A Westchester Square Navy/Air Force recruitment center doesn’t quite look like a Navy Recruitment Center. But soon, it will.
For years the recruitment center, which is at 63 Westchester Square, has operated out of a storefront that appears, to almost everyone, to be vacant. There is no signage whatsoever, and many have taken it for an abandoned space.
Thanks to an outcry from community leaders and Congressman Joseph Crowley, the recruitment center has agreed to put up signs in October that should enliven the location and appease business-owners who say the facility is an eyesore.
“Initially they were talking about putting a sign out and making it more visible to the public and about changing the aesthetics of the building, too, but their first step is putting a sign out there,” said Westchester Square Merchants Association president Greg Perry.
Since the agency was established on Westchester Square about two years ago it has never had a sign and typically operates with its steel roll-down gates half way down the front windows. The green paint above the windows has also deteriorated, and many business owners are concerned that the look has deterred customers from shopping in the area.
According to Perry, the agreement to shape up the exterior extends only to the singage.
“There were no specifics mentioned about the gates, but I’m quite sure the Naval station there will want to do the right thing. They don’t want to be looked at as negative,” he said.
The agreement was made after Congressman Crowley and Community Board 10 district manager Ken Kearns sent letters outlining the problem and calling for the agency to act. The letter, sent by Congressman Crowley on June 25, states that his office has received complaints since the building’s inception and that it is tarnishing the image of the armed forces.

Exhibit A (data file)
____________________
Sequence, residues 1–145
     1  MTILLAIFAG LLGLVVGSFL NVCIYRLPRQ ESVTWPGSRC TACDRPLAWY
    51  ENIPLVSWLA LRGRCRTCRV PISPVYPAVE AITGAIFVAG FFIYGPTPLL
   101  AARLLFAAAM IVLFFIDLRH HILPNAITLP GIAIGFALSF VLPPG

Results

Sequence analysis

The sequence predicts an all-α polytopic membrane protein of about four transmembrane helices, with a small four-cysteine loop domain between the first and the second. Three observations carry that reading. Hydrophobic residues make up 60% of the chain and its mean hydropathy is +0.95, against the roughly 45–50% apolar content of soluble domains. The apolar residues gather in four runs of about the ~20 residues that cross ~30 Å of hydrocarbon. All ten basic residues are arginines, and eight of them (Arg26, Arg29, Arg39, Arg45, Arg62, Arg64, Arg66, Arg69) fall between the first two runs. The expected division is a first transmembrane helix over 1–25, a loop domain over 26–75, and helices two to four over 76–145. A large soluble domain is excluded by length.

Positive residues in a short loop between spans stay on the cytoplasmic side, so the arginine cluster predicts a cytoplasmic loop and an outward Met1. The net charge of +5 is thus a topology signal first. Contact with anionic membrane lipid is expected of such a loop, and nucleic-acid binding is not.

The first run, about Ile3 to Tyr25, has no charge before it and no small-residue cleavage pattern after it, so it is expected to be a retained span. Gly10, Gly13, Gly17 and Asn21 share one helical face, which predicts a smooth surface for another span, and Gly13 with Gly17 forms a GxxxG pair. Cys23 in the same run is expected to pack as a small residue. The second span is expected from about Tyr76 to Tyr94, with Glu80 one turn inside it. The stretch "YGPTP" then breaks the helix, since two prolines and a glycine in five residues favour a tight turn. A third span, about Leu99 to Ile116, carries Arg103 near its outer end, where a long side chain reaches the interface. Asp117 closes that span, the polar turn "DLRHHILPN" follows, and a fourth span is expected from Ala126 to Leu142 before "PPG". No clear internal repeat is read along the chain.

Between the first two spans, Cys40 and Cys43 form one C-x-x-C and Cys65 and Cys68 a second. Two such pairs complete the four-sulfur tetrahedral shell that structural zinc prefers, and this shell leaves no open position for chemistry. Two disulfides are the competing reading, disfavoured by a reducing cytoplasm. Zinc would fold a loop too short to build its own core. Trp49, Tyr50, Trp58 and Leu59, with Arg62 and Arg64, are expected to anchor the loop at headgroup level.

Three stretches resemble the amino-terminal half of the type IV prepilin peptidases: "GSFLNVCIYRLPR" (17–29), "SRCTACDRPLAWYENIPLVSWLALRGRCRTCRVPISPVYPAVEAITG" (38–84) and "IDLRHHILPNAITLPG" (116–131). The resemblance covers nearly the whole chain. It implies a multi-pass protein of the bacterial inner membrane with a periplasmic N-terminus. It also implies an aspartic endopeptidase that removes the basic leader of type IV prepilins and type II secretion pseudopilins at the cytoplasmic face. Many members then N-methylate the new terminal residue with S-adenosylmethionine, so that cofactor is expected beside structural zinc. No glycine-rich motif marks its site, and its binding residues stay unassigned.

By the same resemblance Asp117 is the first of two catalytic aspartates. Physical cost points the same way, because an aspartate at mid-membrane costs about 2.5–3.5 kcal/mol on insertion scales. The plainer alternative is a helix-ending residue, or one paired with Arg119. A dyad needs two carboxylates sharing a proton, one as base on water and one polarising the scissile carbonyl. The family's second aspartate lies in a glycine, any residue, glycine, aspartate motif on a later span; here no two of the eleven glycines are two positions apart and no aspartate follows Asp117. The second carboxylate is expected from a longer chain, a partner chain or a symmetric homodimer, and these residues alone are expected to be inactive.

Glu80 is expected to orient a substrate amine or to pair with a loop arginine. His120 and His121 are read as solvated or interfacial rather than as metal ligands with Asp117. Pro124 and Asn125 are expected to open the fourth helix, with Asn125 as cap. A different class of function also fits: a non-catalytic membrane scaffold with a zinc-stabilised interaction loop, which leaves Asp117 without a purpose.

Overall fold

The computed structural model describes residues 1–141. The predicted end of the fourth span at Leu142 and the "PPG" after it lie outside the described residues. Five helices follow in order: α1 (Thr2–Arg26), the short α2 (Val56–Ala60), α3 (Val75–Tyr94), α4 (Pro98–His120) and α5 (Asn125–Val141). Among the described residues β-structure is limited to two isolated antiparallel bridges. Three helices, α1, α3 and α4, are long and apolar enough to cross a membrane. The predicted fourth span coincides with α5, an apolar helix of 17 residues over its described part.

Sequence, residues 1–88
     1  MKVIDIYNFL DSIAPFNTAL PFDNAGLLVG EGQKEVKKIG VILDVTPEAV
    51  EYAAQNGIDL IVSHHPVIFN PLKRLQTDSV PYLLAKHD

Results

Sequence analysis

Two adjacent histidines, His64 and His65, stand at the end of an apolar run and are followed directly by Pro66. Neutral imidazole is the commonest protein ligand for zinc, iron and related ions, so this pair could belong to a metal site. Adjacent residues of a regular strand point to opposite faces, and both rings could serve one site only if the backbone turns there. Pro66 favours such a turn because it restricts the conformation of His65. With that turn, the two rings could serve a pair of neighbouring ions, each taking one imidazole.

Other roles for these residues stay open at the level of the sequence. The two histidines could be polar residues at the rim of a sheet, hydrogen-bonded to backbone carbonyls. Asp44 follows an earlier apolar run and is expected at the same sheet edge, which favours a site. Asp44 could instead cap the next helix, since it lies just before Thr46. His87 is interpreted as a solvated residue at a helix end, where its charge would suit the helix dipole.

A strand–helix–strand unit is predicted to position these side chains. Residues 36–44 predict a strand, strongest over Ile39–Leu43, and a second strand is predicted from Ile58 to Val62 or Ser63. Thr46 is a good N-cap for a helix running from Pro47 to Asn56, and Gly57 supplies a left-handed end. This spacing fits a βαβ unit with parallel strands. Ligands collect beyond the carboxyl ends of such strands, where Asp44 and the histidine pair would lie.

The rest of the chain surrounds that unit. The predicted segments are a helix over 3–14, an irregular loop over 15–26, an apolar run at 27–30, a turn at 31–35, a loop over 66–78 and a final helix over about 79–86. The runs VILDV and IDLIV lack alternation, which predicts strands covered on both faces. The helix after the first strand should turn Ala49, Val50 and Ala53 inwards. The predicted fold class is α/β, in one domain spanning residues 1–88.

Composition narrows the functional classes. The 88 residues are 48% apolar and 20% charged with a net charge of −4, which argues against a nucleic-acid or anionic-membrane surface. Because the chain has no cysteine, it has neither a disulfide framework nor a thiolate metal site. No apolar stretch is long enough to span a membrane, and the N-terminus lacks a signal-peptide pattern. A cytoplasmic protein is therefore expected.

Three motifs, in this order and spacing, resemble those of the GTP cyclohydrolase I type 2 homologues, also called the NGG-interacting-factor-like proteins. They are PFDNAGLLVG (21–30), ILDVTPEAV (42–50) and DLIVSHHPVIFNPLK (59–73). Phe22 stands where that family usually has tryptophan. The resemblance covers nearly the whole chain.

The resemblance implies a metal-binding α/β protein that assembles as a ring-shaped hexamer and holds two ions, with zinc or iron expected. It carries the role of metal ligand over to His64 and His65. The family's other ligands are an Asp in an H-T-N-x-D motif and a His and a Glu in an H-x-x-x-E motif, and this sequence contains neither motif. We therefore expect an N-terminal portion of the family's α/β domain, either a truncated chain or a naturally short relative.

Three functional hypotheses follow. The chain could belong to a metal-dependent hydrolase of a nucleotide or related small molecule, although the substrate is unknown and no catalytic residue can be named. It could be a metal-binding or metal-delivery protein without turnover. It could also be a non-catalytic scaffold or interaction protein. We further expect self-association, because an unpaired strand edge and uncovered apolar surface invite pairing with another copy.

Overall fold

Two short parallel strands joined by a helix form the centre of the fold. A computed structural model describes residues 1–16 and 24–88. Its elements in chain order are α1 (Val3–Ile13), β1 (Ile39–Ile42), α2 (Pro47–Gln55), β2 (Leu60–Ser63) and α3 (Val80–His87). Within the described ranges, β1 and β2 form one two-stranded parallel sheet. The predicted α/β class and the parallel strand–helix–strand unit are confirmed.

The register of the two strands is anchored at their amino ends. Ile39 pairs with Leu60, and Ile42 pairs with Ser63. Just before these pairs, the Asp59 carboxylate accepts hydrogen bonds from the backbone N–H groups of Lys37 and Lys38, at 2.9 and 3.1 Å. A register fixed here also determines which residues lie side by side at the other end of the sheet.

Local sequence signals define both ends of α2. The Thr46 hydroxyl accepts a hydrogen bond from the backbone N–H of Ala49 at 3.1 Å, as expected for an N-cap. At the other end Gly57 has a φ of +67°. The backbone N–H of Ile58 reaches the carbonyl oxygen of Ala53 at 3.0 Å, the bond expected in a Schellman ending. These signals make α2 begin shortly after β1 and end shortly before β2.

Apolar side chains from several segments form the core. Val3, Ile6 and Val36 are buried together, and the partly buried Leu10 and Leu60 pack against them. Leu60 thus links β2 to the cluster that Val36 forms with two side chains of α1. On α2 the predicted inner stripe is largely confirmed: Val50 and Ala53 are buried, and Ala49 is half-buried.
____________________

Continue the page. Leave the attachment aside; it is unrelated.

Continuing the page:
“We hold the government to a high standard and expect it to take the community’s concerns and needs into account,” said Courtney Gidner, communications director for the congressman. “A recruiting office is often the first impression for prospective service members and it should reflect the pride that comes with serving our country.”
According to local businessman John Bonizio, the facility has been a drag on the local economy, and is a sign of disrespect for those who register for the military out of the Westchester Square office.
“It’s been over two years that this facility has looked disgraceful. It’s ridiculous,” he said. “It’s in a very visible location and I don’t understand why it takes so long to put up a sign.”
Although Bonizio said that he is unconvinced adding a sign will be enough to turn around the bad reputation, Perry said he is hopeful the recruitment center will keep its word to install the signs by October and then continue to improve the site.
“We feel that having an aesthetically pleasing facility will help to bring about that pride that the military has in everything they do,” he said. “We realize it’s going to take some time, but we’ll get to that point.”
Calls for comments from the US Navy were not returned.